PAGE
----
Lame Excuses for Not Attending College
Donít make any more excuses why you cannot attend college. Take some more time to consider the benefits of earning a college degree.
1. I can't go to collegeónobody in my family has ever gone.
Just because no one else in your family attended college doesn't mean you shouldn't. Be the first one in your family to earn a college degree–be the trend setter. Earning a college degree will not only benefit you, it will benefit your immediate and future family as well. Earning a college degree will give you and your family something new to be proud of–and more importantly it will open doors and create opportunities for you for years to come.
2. I've been in school for 12 years. That's enough! I just want a good job.
Yes, 12 years is along time to be in school, but consider the following. First, college is much more enjoyable and less restrictive than high school. The two really don't compare. In college you have the freedom to work, study when you want to, and the interpersonal relationships you develop as a college student are priceless. In addition, you really need a college degree if you want to obtain and maintain a good job and expand your career horizons. Just 4 more years of schools will provide you more earning potential and open more doors than your previous 12 years of school combined. Many people who didn't enjoy high school find out that they thoroughly enjoy college, notwithstanding all the homework.
3. I can't go to college because I can't afford it.
While this may have been a good excuse for not attending college fifty years ago, it's not anymore. There are so many different forms of student financial aid these days that almost anyone that can get in to a good college can find a way to pay for tuition and expenses. There are merit based scholarships for students with exemplary academic performance, scholarships for minorities, athletic scholarships, music scholarships, special interest scholarships, need-based scholarships for individuals with low incomes, work-study programs, federal grants and low interests students loans. And having a part-time job goes a long way to paying for college expenses. Most large colleges offers various on-campus employment opportunities for their students.
4. I can't go because I don't know how to apply or where I want to go.
Up until about the year 2000, if you wanted to learn about a university you'd have to suscribe to one of a few large industry publications that provided comprehensive lists of all the colleges and universities in the United States. That's not longer the case. With the advent of the internet and web technologies, wouldbe students now have a wealth of information about colleges and universities at their fingertips. There are several large websites, and hundreds of smaller sites, that provide statistics, reviews and detailed descriptions on every college and higher-education institution in the world. Even better, almost every college now has its own website with information on tuition, admissions, enrollment, programs, degrees, etc., etc., etc. Today, you can also request information on any school of interested directly online via the school's website or via any number of college information websites. Additionally, most colleges hold college fairs, and you can always visit the campus of a school you are interested in attending to get more information about its application process.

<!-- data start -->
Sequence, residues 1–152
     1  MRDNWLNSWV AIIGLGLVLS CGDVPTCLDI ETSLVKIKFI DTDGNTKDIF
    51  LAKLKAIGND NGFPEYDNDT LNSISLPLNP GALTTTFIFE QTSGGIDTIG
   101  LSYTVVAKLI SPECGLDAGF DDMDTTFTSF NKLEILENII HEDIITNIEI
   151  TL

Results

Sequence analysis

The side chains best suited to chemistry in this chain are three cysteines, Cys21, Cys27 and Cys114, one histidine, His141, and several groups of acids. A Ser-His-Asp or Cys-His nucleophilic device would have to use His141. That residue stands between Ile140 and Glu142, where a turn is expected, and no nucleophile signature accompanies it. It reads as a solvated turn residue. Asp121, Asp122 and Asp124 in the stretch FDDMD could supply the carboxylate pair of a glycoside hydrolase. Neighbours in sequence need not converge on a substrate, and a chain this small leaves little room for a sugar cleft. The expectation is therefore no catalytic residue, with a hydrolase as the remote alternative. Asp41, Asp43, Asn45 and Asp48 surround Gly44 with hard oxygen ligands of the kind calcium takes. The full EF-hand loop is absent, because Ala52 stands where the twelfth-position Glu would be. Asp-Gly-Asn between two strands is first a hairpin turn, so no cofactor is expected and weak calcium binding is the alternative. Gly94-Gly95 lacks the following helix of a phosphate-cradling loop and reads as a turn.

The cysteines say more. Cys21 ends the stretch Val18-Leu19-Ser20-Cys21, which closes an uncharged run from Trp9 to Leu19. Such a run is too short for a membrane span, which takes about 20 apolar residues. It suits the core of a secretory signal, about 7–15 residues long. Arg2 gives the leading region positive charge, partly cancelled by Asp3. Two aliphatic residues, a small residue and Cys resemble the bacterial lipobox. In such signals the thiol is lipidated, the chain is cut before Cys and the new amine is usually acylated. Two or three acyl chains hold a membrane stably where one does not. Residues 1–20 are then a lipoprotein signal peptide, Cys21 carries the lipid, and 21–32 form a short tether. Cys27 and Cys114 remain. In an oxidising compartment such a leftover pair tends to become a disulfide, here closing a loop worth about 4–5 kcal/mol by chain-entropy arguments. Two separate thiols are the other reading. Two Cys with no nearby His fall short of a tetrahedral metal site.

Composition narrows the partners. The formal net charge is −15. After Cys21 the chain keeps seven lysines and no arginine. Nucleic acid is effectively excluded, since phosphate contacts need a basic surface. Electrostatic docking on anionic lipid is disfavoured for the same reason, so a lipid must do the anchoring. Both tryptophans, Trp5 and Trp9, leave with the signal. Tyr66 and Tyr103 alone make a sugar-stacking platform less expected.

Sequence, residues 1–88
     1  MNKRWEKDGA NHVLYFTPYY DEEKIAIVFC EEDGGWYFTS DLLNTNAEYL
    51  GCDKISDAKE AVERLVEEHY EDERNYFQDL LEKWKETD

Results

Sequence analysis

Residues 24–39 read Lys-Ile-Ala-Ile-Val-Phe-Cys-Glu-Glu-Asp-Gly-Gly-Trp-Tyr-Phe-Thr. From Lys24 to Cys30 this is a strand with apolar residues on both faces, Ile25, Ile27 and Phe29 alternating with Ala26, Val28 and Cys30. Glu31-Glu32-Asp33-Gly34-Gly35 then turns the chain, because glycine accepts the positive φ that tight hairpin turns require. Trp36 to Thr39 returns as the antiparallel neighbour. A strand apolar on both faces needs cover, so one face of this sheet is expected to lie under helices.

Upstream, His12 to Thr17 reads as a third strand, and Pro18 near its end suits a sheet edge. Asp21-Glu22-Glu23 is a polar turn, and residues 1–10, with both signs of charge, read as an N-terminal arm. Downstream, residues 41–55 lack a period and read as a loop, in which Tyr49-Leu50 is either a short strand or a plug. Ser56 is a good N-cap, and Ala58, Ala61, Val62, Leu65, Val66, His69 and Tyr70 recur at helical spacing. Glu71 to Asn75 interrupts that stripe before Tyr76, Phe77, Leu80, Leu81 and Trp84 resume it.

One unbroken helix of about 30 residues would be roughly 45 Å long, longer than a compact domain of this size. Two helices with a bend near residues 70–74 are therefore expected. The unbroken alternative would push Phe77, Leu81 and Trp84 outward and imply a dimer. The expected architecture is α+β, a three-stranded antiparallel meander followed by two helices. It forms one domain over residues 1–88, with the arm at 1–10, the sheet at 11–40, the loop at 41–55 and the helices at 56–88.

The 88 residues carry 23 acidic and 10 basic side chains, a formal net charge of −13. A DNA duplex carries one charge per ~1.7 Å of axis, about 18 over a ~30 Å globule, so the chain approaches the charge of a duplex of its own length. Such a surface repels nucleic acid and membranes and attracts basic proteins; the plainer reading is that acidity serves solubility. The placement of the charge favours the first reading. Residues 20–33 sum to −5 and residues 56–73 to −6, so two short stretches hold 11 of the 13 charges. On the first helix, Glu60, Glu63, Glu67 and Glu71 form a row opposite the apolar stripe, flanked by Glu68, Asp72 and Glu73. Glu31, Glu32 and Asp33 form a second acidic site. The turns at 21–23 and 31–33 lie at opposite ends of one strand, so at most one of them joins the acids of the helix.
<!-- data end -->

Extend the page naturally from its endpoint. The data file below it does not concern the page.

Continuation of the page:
5. I can't go to collegeóI don't know what I want to do with my life.
Very few college students know what they want to do with their lives when they're just getting started. Heck, many of us don't want to know what we want to do with our lives after college. What you want to do with your life will change several times throughout your life–but one this is certain, if you want to do anything meaningful with your life you need to get a good education. When you attend college as an undergraduate student, you will learn new things about yourself and explore various career and personal opportunities. Moreover, you will meet new people who can assist you as you determine your career and establish future goals.
6. I can't go to college, because I just won't fit in.
If you can get into college, you'll fit in. There are quite literally hundreds of very diverse colleges and universities throughout the United States. There are general colleges, undergraduate college, specialty colleges, special interest colleges and colleges with unique cultures, racial makeups and ethnicities. There are college's oriented toward minorities, including African Americans, Hispanics, Native American and members of the LGBT community. There are party colleges like Ohio University, as well as "Stone Cold Sober" schools like Brigham Young University. There are coeducation colleges, college for men, and colleges exclusively for women. Within each college you'll find a myriad of different student organizations you can join and ge involved with based on your interests and personality. For more information contact each school individually you are interested in attending to obtain information about different organizations. You'll be surprised how many people you can meet who share your interests.
7. College is too hard for me.
College isn't just hard for you, it's hard for everyone. If it wasn't hard, it wouldn't be worth it. You may get a bit overwhelmed at times, but with hard work and discipline, you can overcome anything college throws at you. Just remember, most successful students attribute one main factor to their success: they spend a lot of time studying. Most colleges have extensive tutoring services available for students. Another key to having a successful and enjoyable college experience is learning how to study smarter. We highly recommend that you review the Study Guides for College Students section of this site as you begin your college experience.
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